‘An amazing asset’: State secretary addresses future, obstacles of agriculture

State secretary addresses future, obstacles of agriculture

PAT CROSSLEY/Sun-Gazette Correspondent
State Secretary of Agriculture Russell C. Redding, left, talks with Ben Hepburn, adviser of the Montoursville FFA.

PAT CROSSLEY/Sun-Gazette Correspondent State Secretary of Agriculture Russell C. Redding, left, talks with Ben Hepburn, adviser of the Montoursville FFA.

MUNCY — Urging members of the agriculture community to become storytellers, Russell C. Redding, the 26th state secretary of agriculture, said that is one way to answer the current trend of consumers wanting to know where their food comes from.

“We have to add to the agriculture job description, the storyteller,” he said. “We’ve got to be amazing storytellers. Because it resonates with the consumer and the only way they’ll know is to meet you. Step into the conversation of what you produce and how you produce it. I think that’s the relationship in the long term that will make the difference for this state and this industry.”

Speaking last week at the annual awards banquet of the Lycoming County Conservation District and Penn State Extension, Redding said there’s been a shift in agriculture in recent years.

“We know that the agriculture landscape is shifting. It’s shifting politically, it’s shifting economically and culturally and how do we respond to all of that shifting that is occurring,” he asked.

“One thing I’ve come to recognize in the last couple of years is that people want to know who’s feeding them. They want to know where this food comes from. I think that’s one of the great developments of our time. When people stop to think, agriculture wins,” he added.

Redding also spoke about the future of agriculture and the challenges that come with it.

“The challenges we have, have grown and will continue to grow. There are challenges that are domestic here, but we also have Congress and our federal government, which contemplate trade issues,” he said.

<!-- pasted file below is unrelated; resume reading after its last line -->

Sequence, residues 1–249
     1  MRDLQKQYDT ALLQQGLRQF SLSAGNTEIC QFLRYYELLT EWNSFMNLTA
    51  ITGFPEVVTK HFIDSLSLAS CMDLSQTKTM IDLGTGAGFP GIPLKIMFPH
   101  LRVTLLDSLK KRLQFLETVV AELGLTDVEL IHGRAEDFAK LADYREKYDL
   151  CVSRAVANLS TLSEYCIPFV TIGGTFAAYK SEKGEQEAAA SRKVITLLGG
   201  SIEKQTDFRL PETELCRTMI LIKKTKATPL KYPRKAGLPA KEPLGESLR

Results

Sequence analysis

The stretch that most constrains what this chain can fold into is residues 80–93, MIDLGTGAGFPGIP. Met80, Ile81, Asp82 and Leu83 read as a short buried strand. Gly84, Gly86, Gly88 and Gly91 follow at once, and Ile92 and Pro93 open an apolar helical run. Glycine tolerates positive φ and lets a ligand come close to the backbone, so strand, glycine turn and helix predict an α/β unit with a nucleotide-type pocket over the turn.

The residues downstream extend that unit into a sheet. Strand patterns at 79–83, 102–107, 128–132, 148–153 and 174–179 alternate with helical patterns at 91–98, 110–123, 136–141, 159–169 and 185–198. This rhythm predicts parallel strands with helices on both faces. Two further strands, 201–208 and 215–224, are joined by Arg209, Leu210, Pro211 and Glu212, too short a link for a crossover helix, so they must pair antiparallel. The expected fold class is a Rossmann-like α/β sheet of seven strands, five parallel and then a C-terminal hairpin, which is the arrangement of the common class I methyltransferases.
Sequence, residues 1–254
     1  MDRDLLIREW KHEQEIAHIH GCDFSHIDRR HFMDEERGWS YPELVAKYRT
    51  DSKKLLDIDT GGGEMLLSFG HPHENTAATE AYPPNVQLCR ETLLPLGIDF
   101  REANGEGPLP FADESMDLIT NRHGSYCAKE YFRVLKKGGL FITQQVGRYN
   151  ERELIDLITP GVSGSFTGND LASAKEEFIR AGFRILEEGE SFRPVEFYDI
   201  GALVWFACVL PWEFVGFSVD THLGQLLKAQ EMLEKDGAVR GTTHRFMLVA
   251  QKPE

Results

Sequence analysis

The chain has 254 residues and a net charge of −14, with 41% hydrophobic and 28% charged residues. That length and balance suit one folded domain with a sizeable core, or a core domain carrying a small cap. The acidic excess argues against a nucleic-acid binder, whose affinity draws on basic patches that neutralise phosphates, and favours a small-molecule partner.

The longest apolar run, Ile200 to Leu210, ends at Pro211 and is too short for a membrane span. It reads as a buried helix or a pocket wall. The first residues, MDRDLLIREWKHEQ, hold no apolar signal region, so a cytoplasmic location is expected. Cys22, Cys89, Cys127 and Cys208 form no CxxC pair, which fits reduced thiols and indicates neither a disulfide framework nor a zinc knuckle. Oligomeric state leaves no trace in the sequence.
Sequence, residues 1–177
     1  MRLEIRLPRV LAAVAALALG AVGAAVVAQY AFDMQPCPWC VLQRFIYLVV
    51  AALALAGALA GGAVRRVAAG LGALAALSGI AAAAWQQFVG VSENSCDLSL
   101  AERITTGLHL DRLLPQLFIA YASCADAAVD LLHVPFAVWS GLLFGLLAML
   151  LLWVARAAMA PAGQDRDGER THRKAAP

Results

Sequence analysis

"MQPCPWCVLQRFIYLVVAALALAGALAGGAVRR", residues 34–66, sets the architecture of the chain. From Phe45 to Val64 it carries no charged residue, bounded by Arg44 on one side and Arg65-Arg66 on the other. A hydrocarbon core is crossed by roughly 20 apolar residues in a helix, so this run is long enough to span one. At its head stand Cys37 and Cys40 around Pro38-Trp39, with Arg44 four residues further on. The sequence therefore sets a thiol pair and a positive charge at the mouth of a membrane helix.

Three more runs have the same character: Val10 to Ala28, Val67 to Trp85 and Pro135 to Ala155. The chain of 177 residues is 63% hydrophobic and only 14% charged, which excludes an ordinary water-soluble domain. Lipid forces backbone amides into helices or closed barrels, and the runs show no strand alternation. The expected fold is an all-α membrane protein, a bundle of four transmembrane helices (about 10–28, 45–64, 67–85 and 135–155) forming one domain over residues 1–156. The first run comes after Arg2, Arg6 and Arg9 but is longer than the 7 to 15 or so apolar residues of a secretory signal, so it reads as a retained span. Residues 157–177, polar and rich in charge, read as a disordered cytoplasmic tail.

“As we look around, the one thing we have built is the capacity to supply around the world,” he continued. “There’s an amazing infrastructure in the port of Philadelphia and other places. We have got to keep an eye on that. It’s one piece I’m worried about because 25 to 32 percent of our total food production in the state has to find a home somewhere around the world.”

“Ninety-five percent of the available stomachs are somewhere other than in the United States and being in the food business as we are, you’ve got to be careful what we do, how we do it and how we approach it,” he cautioned.

Redding said the three largest markets for American products are Canada, Mexico and China. He said Mexico is the No. 1 market for dairy products, both here in the state and across the country.

The largest export from the state is hardwoods. The North American Free Trade Agreement, also known as NAFTA, which affects trade with Canada and Mexico, has come under scrutiny recently by the Trump administration in Washington, D.C.

Redding offered an illustration of the importance of trade on the state’s agriculture.

“Every third row of soybeans and every third row of corn is destined for somewhere other than Lycoming County or the United States,” he said.